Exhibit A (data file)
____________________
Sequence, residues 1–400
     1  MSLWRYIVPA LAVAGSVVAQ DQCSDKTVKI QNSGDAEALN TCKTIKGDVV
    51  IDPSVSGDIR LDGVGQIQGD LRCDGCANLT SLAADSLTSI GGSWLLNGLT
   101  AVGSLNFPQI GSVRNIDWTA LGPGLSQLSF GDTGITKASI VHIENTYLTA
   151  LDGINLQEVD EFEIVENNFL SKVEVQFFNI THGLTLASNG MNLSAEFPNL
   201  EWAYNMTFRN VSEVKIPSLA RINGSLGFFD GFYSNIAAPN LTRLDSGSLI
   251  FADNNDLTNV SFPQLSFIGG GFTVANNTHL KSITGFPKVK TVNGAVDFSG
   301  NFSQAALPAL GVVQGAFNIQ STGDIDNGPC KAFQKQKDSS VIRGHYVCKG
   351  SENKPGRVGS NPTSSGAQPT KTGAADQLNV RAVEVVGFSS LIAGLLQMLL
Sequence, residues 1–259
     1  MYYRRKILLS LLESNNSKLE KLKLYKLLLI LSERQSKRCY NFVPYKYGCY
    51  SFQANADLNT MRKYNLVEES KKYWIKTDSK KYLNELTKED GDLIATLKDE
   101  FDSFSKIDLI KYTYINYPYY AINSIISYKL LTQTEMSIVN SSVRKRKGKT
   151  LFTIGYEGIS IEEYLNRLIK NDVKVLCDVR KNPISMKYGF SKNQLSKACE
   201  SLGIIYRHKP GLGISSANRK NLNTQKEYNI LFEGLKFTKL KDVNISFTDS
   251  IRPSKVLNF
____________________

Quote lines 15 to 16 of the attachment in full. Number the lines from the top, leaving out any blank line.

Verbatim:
   201  SLGIIYRHKP GLGISSANRK NLNTQKEYNI LFEGLKFTKL KDVNISFTDS
   251  IRPSKVLNF